Stop Stressing Your To-Do List

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It’s midnight and I can feel myself fading, finally snug enough in my cocoon of blankets to drift off to sleep.  The sound of snoring (is that my husband or the dog?) can’t even stop this slumber now, as I tumble deep into – wait, did someone say dog? I never did bathe the dogs today. Nor did I pick up canned goods for the food drive or schedule the car inspection.

And there it is. The list that robs me of my rest is warming up to run a marathon through my mind. It’s not even a whole list; it’s just three things that didn’t get checked off yesterday’s to-do list. Hardly worth losing sleep over; yet here I lie, suddenly wide awake, contemplating the things left undone, mentally rescheduling them for another day when things are less busy, and then reminding myself that things are never less busy.

I wonder why I give so much thought to the things I didn’t accomplish. If I have to lie awake, reviewing the previous day, why is it that can’t I celebrate the to-do list items that did get done rather than fret over the three that didn’t? Better still, why do I neglect to calculate all of the unlisted entries, the things that take up the most of my day, but never make it onto the list because they are so ingrained in my routine, they don’t need reminders?

I start each day just about the same way: prayer, coffee, the dogs (walk and feed), Bible, set up the homeschool day, make my to-do list. Funny, there are five things that happen before the list is even made, and several things that happen after that never even made the cut: make breakfast, help with math, run the dishwasher, teach language arts, make lunch…

All of these things take time, but because they have become a natural part of my routine as a homeschooling mother, I never seem to account for the hours spent on these things when I’m feeling unaccomplished, because I ran out of time before I ran out of checklists.



I know I am not alone. I’ve found there are many homeschooling parents who also tend to weigh their “jobs undone,” with a heavier hand than their “jobs well done.” And I think, my like-minded friends, that it’s time we change our perspective, revamp those lists and get some well-needed rest.

I’m not suggesting we forget about the tasks that make up our to-do lists. In the midst of all that happens in a homeschooling day, we all need reminders of the various things that need our attention. What we don’t need are lists too long to possibly complete– or ones that neglect to recognize that the time not spent on certain tasks was better invested in purposeful endeavors, like educating our children, and nurturing our families’ relationships with God.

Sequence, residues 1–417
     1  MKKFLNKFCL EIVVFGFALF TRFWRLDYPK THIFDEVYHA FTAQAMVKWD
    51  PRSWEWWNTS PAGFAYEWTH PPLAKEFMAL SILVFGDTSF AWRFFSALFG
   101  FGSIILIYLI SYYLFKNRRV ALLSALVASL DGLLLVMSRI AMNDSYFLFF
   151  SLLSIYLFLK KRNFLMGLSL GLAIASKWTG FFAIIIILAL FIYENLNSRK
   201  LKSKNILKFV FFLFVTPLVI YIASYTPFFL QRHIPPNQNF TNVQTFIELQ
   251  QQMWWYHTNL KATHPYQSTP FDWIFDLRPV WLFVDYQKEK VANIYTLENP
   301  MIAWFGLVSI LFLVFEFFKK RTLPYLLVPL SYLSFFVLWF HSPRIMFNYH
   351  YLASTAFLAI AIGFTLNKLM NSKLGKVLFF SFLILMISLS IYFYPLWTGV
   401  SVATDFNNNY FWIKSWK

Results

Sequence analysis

When God called us to homeschool, He already prioritized our to-do lists. If we stretch ourselves thin on a multitude of additional tasks, and then waste more time worrying over them, how can we apply due diligence to this purpose He set for our lives?

Rather than scrutinizing our unfinished to-do lists, perhaps a better practice would be to review a “done with diligence” list:

Did I homeschool the children to the best of my ability? Check. Did I model kindness, grace and thankfulness? Check. Did I prayerfully practice patience through the hard moments? Check. Did we pray together as a family? Check.

And did I remind myself that even in the times I fell short, His grace is still freely given? Check.

It’s amazing what a change of perspective can do. When we rest our heads at night, just knowing we’ve faithfully attended to the things that truly matter should bring us more peace than checking off a list of 100 other things that don’t.


Christine Gauvreau is a wife, a mother and a writer who is ever grateful to God for calling her to homeschool.  In addition to teaching her own children at home, she teaches creative writing to other homeschoolers in a co-op setting, as well as through lessons she designed for Schoolhouse Teachers. Christine shares some of her creative ideas, along with stories about her family’s homeschooling journey at Rubytree Academy (

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"Train up a child in the way he should go and when he is old, he will not depart from it" (Proverbs 22:6).